Opinion

Should Bihar get ‘special category’ status?

BISWA SWARUP MISRA | Updated on March 12, 2018

Given that almost all of Bihar’s districts are backward, it would seem to qualify as a special category State. — Ranjeet Kumar

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The Inter-Ministerial Group rejected Bihar’s plea to be considered a special category State for reasons that are not clear.

Six states — Bihar, Chhattisgarh, Goa, Jharkhand, Orissa and Rajasthan — at different points in time have been demanding special category status. Nitish Kumar, the Chief Minister of Bihar, however, has been the most vocal.

The issue has recently come to the forefront, with the inter-ministerial group (IMG) rejecting the State’s demand. The Bihar Chief Minister contested that decision in a letter to the Prime Minister in December. The IMG was formed by the Prime Minister in September 2011 to examine Bihar’s request for according it special category status.

The IMG rejected Bihar’s Plea after judging the State on the basis of five conditions — hilly and difficult terrain, low population density and sizeable share of tribal population, strategic location along borders with neighbouring countries, economic and infrastructure backwardness and non-viable State finances. Kumar has criticised the IMG for reaching ‘pre-ordained conclusions’. While the battle of words continues between the Centre and Bihar, it may be useful to approach the issue more objectively.

India has in all 35 regions comprising 28 States, six union territories and the national capital territory, New Delhi. The mountainous States of the north and north-eastern part of India are considered ‘special category’ by the Planning Commission. Following this classification, 11 out of the 28 States are identified as special category States (SCS) and the rest as general category States (GCS).

The SCS are termed so, as they receive a special treatment in the allocation of funds released by the Planning Commission for planned development, on account of harsh terrain, backwardness and social problems prevailing in these States.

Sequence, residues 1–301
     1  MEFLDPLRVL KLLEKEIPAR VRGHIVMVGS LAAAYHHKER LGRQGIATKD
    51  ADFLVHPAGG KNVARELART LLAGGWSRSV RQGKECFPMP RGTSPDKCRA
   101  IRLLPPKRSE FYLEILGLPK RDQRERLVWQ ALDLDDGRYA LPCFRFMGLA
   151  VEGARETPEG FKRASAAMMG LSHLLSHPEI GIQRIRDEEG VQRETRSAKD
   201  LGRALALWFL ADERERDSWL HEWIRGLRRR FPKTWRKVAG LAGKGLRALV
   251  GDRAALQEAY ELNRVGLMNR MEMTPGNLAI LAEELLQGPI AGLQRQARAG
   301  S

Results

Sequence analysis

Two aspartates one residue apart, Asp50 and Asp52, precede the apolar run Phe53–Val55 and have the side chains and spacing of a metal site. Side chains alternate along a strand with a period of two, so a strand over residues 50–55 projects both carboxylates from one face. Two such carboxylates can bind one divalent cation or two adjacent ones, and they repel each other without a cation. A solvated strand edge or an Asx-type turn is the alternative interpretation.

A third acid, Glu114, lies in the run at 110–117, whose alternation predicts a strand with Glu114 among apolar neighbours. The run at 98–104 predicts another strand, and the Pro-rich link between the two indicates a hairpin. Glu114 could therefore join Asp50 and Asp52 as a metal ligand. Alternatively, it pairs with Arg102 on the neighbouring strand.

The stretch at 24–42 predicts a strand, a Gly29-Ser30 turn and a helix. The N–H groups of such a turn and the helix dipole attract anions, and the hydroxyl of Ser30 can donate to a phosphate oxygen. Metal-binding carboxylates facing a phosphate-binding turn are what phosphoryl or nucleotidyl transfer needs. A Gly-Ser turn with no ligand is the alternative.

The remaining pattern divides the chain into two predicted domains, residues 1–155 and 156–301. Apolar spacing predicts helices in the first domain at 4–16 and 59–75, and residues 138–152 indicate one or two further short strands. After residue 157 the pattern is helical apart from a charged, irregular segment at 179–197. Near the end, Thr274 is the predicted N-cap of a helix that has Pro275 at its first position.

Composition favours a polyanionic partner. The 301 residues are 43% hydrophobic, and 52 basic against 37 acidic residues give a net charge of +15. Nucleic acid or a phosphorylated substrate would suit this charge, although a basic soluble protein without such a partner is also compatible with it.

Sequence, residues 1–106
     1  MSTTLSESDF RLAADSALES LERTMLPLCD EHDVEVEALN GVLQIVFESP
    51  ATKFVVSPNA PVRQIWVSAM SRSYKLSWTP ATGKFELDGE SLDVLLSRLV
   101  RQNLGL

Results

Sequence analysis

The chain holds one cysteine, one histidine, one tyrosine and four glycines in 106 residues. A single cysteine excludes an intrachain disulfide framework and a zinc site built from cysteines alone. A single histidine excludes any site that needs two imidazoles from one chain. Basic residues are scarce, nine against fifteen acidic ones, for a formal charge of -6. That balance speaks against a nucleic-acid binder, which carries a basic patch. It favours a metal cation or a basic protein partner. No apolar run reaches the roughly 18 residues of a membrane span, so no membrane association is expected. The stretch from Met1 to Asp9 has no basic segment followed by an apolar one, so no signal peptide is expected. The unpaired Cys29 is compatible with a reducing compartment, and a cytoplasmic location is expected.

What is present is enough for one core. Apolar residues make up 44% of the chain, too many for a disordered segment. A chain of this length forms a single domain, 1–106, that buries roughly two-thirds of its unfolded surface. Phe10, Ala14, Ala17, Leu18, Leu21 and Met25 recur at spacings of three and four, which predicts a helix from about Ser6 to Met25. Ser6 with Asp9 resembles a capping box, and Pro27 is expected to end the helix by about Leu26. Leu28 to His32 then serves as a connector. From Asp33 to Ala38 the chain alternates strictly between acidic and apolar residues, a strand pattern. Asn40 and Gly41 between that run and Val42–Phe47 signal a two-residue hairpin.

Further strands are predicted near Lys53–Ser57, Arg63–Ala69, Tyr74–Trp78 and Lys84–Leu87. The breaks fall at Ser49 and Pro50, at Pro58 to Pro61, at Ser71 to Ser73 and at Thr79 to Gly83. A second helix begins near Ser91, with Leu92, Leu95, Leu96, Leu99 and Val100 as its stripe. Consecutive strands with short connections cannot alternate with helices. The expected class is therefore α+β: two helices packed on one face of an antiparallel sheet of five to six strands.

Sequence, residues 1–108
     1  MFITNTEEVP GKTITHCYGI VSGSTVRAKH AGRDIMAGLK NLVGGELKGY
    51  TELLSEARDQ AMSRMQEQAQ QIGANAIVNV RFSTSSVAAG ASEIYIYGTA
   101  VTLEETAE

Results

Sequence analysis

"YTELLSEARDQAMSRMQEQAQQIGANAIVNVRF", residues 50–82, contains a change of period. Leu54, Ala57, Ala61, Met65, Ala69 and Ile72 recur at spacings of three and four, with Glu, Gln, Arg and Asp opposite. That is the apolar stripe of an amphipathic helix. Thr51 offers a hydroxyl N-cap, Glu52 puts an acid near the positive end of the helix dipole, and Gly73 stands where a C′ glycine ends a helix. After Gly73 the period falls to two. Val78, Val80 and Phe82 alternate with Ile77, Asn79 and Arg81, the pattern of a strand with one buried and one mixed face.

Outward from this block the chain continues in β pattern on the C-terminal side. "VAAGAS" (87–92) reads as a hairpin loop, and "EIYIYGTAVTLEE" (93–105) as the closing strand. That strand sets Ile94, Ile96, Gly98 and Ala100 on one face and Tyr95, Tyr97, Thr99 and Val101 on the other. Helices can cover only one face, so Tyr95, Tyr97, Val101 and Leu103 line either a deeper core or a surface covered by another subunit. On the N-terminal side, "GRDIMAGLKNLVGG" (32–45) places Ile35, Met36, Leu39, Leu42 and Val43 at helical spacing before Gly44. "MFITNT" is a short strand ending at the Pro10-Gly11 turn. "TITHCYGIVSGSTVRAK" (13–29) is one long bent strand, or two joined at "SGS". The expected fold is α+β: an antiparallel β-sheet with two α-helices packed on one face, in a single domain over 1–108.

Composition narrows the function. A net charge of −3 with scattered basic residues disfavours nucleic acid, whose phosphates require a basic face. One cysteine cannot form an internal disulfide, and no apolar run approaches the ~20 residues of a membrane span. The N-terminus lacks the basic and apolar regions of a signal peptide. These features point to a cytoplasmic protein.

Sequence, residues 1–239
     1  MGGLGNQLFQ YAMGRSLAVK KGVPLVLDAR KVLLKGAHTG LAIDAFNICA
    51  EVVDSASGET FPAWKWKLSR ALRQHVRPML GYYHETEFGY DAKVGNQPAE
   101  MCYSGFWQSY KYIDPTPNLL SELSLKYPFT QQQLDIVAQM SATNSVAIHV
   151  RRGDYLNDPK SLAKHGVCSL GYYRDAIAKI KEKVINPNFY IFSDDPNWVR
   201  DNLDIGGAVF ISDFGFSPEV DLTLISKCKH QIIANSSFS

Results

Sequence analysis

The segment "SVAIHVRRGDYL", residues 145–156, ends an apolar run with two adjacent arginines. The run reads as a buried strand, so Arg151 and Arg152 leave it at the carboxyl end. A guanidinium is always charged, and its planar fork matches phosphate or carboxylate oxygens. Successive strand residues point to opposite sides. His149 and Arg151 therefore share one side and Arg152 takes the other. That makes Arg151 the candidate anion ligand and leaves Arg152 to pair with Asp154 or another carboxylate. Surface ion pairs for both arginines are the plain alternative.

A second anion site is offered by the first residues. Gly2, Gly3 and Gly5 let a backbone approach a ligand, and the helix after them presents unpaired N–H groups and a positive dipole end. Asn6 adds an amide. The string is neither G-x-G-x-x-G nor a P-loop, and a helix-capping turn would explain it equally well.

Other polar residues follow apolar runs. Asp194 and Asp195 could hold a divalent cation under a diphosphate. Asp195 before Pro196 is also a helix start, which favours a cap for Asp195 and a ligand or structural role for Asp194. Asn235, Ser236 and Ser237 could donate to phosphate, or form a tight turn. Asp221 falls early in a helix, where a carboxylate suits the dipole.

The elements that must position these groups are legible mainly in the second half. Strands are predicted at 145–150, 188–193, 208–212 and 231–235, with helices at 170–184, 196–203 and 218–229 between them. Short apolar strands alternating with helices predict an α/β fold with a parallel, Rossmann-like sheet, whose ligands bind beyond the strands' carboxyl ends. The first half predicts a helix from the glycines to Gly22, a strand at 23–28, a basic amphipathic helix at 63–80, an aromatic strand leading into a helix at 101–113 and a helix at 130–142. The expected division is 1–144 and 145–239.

Out of the financial allocation to the GCS, 70 per cent is in shape of loans and the balance 30 per cent is a grant, whereas for the SCS the proportions, respectively, are 10 per cent and 90 per cent.

CRITERIA FOR BACKWARDNESS

Some observers look at the issue purely from a fiscal perspective and do not find Bihar to be disadvantaged enough to be accorded ‘special category’ status. In this context, the moot question is whether Bihar is relatively more backward compared with other States, as to deserve special treatment. Thus, the merit of Bihar’s demand for special category status needs to be defined in terms of ‘backwardness’. The 2005 report of the Inter Ministry Task Group (IMTG) constituted by the Planning Commission, which identified 170 most backward districts, including 55 extremist affected districts, provides a good idea of the relative backwardness of States.

The IMTG conceptualised regional disparity in terms of unequal resource endowment, uneven human development, inadequate infrastructure and poor fiscal resources. However, the IMTG felt that backward regions in general have remained so largely on account of inadequate exploitation of resource potential, and not due to the absence of resources themselves.